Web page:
I think what I would say is that it is really difficult to link any of the stuff to say that it is down to an apron, what I would say is very much about combination of all measures, but very much focused on those basic ones of cleaning and decontamination of vehicles, handwashing and the protection. Most of the spread was about either incorrect use of PPE when they get to the studies, or i.e people thinking that they were protected by using a higher level, when actually what we then do is we then drop some of the really basic bits around hand washing and also remembering space. And this is where we’ve had to make some really difficult decisions this year in line with the best guidance we can, where we’ve not been able to have say the Christmas buffet’s on station because of the sharing and the contact, the proximity, and really about reinforcing some of the basic elements that sit behind there as well.

What we do know, we do know that from some of the facts and figures that we have seen particularly around colleagues who are unwell or stood down, a number of the cases and the contacts are out of work environment. So they tend to be bubbles or support networks, or from other contact such as shopping within there as well, and I guess in a way in part that follows because of the protective mechanisms that you have within the organisation.

The other bit in there as well is we are in open dialogue with other agencies learning, and also Health and Safety Executive, really focusing on the learning and improving, and I guess that responsibility element that we all share, and that we have, and we need as well within that. So, specifically about that, I’m literally chasing it down, because some of the questions have come in, so hopefully we’ll get an answer very shortly about where they are in the supply chain, but again, to reinforce, we’re not stopping anything because of money, this is absolutely about a supply chain challenge and the heavier weight aprons are in there as well.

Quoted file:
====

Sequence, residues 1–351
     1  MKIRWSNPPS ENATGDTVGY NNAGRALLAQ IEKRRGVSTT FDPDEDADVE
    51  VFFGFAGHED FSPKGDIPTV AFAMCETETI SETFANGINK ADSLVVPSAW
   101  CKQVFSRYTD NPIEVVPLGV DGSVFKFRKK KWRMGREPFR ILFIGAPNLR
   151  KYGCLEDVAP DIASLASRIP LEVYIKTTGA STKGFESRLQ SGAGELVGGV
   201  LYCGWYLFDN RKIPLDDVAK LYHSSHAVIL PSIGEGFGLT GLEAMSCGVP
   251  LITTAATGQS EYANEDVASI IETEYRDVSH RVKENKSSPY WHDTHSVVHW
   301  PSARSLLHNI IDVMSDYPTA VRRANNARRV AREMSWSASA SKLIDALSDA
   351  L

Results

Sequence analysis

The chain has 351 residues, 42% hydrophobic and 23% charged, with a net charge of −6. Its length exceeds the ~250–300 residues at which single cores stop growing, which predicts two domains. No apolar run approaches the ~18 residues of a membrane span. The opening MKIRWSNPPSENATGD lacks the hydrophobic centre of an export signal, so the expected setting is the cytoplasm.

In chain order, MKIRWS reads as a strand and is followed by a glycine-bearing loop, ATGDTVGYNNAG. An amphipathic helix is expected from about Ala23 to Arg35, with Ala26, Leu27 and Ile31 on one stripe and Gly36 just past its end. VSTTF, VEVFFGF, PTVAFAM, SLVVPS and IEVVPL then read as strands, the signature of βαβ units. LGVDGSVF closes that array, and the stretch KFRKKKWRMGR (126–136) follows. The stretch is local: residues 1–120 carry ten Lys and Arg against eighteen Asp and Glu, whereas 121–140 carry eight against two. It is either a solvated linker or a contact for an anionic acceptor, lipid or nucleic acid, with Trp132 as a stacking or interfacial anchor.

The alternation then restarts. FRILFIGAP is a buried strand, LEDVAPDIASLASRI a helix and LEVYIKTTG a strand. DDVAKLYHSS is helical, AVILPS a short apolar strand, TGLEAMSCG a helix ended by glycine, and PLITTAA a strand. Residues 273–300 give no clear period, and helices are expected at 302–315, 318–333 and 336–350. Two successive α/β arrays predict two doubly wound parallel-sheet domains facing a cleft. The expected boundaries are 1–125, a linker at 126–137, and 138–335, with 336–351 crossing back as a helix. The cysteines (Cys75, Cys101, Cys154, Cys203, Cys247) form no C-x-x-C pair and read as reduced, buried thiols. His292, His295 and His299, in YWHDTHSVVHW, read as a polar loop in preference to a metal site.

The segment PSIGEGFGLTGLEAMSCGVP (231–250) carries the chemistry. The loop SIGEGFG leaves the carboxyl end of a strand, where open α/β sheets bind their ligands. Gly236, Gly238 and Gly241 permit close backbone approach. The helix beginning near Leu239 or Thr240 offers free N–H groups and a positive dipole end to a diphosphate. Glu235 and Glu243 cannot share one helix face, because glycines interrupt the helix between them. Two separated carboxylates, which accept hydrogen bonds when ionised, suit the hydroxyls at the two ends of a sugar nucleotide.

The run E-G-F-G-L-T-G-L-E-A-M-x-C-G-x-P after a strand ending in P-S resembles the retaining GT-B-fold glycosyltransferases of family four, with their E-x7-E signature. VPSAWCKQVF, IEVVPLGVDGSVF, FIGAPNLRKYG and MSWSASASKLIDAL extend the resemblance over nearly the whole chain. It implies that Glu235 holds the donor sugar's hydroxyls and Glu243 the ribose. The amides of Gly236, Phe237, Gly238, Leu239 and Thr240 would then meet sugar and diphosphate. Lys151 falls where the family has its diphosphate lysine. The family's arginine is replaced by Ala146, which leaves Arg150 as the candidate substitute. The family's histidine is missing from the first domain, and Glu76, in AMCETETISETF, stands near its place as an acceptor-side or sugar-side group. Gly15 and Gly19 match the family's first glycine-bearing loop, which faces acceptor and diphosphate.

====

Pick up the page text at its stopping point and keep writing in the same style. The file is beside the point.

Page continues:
From a Trust Board perspective, the Trust Board receive reports on IPC and we are doing specific updates going forward about deep dive, so a review and a culmination of what we think we have learnt from Covid, including concerns, issues and challenges, particularly as a collective as well. So, there’s nothing in there that we won’t share, the Trust Board has been moving forwards in terms of comments as well.

Tom, shall I hand back to yourself.

So, I think it seems a long time ago, but the start of this session and how I’d like to end the session, is with the big thank you. It’s really important that we have the questions around the topics that are key to people and absolutely not taking anything away from the contents of the questions, but I do want to not forget that the message this week is around that big thank you. People are working really hard, staff, volunteers, wider communities. I think it’s used far too much, but this is extraordinary times and people continue to show commitment to themselves, their colleagues and their patients on a daily basis.

Please do have a look at Need to Know and social media and the fantastic messages that we have had from our famous faces, as I say, there are a few surprises over the next couple of days, so please make sure you visit those sites.

If you want to join in the conversation, if you want to add to the social media, put your own messages on then it is #thanksTeamEEAST, and please do add to those comments because I think it’s really important that we continue to say thank you to each other, because whilst it’s a small two words, it can have a big impact on peoples days, and in a small way goes towards acknowledging the commitment and hard work that everyone is doing.

So, thank you Marcus for joining me, thank you to those of you behind the scenes, if there are questions that people want them please do continue to make contact, please do take up the vaccinations and ensure that you’re able to do so through the easy system that hopefully we have ongoing in the organisation, but most importantly please do keep working hard at keeping yourselves safe, your colleagues safe, your families and communities, and your patients safe.

A big thank you from me and take care.  

Published 1st February 2021